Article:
Some ice, some wind, some sun make for wonderful outside day
As we left Great Falls at 7:30 a.m. and headed through the canyon to Helena, we couldn't help notice the howling wind, making us a bit anxious about our hike up Mount Helena. We were also a bit nervous about the amount of snow and ice we might encounter on the trail, but we were so glad to be getting out that we put those concerns in the back of our mind. With COVID-19 and the over two feet of snow we received the last two weeks, many of us were feeling cooped up and in need of an outing.
On the way, we also encountered a herd of deer crossing the freeway, two of which darted out in front of Judy's car, necessitating a quick braking. Then two turned into three, four, five and six, with a seventh--and maybe more--crossing after we proceeded! As we stopped to let them cross, we were worried about a semi coming and not being able to stop since we had been passing trucks the whole trip. Luckily, nothing like that happened; we were safe and so were the deer.
Katie, Camille and Judy arrived at the trailhead at 9 a.m. and met Sue from Helena (she lives on Lake Helena now, although she used to live in Great Falls. She told us her tale of moving from her home to her cabin on the lake, a big move for her husband who was born and raised in Great Falls).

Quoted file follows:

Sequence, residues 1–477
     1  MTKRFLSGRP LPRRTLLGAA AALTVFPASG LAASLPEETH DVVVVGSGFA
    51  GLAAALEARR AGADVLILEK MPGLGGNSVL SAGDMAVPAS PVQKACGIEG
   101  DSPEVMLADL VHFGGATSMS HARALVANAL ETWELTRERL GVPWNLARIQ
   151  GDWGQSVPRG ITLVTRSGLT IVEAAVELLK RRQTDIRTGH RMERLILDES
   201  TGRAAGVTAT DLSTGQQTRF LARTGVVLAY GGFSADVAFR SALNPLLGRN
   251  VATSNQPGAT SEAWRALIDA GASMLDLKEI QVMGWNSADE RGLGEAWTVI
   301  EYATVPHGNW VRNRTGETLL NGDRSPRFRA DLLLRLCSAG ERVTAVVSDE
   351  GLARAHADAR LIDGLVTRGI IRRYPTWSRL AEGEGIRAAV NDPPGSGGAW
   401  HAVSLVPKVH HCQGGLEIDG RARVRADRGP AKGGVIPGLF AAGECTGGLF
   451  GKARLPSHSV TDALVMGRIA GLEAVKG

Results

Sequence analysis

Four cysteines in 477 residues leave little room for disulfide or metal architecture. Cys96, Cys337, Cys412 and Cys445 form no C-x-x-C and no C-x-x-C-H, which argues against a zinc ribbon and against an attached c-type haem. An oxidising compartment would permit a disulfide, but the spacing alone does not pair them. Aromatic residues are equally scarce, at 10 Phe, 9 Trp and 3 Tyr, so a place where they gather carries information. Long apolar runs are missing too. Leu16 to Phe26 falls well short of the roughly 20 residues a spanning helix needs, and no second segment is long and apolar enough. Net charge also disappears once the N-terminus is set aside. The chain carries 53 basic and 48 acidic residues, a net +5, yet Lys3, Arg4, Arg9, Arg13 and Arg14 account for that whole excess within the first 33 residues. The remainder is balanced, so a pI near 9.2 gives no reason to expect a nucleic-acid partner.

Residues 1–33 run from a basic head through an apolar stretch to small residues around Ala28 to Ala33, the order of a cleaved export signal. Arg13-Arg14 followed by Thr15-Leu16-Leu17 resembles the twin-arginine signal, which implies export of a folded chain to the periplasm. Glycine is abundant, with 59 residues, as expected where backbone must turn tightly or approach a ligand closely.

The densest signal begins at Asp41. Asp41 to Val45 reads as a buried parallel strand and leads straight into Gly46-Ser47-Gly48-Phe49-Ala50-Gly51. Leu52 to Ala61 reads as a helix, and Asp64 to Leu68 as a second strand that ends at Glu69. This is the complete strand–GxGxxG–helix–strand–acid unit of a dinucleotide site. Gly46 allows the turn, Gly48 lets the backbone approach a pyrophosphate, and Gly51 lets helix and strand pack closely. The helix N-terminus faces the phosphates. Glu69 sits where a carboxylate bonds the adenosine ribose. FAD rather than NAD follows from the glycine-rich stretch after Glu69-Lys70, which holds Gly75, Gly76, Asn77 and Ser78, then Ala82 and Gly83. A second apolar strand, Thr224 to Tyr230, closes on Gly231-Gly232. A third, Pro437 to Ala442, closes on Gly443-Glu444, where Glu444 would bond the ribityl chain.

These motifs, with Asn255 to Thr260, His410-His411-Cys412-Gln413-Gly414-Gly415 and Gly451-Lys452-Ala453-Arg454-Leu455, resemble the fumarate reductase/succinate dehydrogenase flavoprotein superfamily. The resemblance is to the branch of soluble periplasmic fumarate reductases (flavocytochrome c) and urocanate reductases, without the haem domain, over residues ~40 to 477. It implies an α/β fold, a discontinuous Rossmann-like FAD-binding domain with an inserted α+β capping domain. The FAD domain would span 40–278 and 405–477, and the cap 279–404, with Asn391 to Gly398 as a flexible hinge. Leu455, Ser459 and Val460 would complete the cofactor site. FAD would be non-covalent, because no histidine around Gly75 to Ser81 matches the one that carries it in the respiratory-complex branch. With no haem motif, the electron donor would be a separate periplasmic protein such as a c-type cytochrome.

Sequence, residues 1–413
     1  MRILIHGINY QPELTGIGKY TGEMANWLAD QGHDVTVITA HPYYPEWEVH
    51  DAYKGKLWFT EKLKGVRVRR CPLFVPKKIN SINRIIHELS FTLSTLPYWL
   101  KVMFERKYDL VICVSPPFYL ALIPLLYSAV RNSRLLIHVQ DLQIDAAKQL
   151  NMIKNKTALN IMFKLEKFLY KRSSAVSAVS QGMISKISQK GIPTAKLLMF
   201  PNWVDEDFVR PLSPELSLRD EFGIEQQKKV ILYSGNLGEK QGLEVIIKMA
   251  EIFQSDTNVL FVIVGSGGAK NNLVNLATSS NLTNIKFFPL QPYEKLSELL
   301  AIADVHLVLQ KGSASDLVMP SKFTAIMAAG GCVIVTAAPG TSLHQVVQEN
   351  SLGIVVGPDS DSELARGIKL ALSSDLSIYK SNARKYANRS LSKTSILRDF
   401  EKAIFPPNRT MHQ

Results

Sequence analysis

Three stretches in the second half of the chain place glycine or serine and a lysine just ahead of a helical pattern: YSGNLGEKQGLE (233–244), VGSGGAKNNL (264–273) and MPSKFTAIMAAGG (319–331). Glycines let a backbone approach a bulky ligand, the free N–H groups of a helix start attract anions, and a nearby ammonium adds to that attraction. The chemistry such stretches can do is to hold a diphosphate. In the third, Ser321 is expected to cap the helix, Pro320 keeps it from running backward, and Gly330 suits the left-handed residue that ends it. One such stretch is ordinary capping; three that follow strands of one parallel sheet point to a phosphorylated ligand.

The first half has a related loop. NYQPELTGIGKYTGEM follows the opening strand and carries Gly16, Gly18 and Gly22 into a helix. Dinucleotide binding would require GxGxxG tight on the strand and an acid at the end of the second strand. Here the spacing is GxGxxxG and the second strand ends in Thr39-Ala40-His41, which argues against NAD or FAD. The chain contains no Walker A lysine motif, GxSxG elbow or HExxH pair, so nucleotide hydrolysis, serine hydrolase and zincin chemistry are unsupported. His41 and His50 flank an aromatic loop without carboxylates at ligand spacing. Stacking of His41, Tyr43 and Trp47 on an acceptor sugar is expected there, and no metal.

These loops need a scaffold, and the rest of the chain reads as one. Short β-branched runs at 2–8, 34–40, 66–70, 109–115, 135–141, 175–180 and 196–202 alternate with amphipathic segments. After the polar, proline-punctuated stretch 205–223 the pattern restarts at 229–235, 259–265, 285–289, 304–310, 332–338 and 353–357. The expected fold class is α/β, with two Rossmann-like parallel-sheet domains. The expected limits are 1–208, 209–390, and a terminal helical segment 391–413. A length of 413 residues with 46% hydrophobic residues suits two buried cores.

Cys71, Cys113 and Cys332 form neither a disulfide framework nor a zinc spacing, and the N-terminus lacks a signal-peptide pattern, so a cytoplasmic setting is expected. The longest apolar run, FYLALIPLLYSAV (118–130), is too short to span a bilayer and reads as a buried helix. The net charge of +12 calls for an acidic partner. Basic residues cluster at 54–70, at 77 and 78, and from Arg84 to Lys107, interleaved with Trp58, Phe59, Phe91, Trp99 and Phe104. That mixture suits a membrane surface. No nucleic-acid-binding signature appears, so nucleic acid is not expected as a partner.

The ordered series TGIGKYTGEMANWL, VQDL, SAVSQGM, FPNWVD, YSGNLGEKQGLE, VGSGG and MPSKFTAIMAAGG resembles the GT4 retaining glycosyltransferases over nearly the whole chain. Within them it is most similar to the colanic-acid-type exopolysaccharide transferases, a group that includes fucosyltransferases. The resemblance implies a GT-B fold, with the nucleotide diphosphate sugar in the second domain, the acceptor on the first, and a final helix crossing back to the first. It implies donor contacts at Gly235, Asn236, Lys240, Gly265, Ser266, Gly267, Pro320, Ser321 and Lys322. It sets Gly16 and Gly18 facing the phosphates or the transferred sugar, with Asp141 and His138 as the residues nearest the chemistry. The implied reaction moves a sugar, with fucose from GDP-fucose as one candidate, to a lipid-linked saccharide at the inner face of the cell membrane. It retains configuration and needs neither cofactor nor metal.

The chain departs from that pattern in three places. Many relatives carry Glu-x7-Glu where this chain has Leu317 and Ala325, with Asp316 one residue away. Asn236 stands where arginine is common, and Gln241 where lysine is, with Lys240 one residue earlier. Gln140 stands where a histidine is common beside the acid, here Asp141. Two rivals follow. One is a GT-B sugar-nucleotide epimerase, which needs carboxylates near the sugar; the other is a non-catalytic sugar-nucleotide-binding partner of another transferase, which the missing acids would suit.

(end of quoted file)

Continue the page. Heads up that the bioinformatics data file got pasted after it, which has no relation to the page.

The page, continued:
We chatted for a while and introduced ourselves as not everyone knew one another; we hit the trail by 9:30 a.m.. Katie and Camille's husbands had tagged along, planning to hike in the area as well.
Right away, we had a snow-packed trail, icy in spots. Some opted to put on ice cleats right away while others relied on poles to keep from slipping and sliding. The plan was to take the Prospect Shafts Trail up and then take the 1906 or Prairie Trail down; however, those two are on the north side of the mountain, in the shade of many trees and prone to holding snow and ice, so we changed our plans to staying to on the southside of the mountain both going and returning.
So we meandered up the Prospect Shafts trail, while the guys went off trail avoiding the snow and ice. We went past the memorial to a music teacher who loved the trail, reading the plaque about him and then went past the trenches that remain from WWII training as we handled the steady climb to the top. We were pleasantly surprised that the trail wasn't crowded and that there wasn't any wind. We passed two parties who were going down; one man passed us going up. Otherwise, we had the trail to ourselves. The trip to the top is 1.65 miles with about 1100 feet of elevation gain.
At the top, the sweeping panorama was amazing; the Sleeping Giant came into view as well as the dreaded Colorado mountain that Katie and Judy had hiked earlier this year--truly a hike from 'you know where' with swamps and hundreds of dead-fallen trees to climb over, scurry under or plow through, an adventure well forgotten. As we gals sat and ate our lunch we did have to bundle up as the wind picked up, but not overly so. Then we saw the two guys making their way to join us. As we sat, Katie's husband explained about how Mount Helena was used as a training ground for WWII combat in the Italian alps as well as pointing out many of the mountains and MacDonald Pass. We looked down on the Capitol, Carrol College, the Helena Cathedral and Fort Harrison.
Then it was time to descend. We retraced our steps on the Backside trail, took West to McKelvey to Hanging Draw to Dump Out Trails, a total of 5 miles on the day.
We arrived back at the cars around 1 p.m. and arrived back home by 2:30.